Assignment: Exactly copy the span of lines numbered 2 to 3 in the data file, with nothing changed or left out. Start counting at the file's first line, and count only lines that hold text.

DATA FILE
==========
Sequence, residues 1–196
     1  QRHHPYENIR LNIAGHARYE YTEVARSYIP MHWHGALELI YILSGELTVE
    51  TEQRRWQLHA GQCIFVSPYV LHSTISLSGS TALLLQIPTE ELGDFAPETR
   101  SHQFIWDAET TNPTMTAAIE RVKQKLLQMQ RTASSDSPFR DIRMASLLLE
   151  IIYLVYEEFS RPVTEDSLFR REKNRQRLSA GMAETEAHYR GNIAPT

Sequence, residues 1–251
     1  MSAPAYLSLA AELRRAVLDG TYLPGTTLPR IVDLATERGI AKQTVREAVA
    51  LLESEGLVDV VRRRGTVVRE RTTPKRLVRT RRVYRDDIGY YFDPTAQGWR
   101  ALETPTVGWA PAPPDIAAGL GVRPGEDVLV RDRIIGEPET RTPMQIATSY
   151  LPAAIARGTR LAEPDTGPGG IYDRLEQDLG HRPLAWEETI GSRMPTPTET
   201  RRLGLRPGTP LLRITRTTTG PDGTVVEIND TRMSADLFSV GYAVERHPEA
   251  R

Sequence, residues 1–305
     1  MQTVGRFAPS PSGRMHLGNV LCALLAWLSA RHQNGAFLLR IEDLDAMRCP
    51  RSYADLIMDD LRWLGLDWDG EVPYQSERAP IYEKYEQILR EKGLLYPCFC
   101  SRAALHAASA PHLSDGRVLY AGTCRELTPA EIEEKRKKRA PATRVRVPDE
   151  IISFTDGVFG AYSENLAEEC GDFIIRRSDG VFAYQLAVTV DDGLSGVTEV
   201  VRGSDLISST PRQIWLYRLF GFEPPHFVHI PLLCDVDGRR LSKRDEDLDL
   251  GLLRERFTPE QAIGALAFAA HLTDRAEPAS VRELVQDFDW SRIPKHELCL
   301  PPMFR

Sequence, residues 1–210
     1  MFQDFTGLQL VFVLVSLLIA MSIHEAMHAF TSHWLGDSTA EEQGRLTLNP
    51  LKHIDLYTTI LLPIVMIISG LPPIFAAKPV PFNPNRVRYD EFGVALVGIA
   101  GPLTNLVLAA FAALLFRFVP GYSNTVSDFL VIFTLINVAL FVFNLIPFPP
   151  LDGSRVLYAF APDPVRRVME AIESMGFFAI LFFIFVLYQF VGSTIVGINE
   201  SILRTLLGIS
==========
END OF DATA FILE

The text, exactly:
     1  QRHHPYENIR LNIAGHARYE YTEVARSYIP MHWHGALELI YILSGELTVE
    51  TEQRRWQLHA GQCIFVSPYV LHSTISLSGS TALLLQIPTE ELGDFAPETR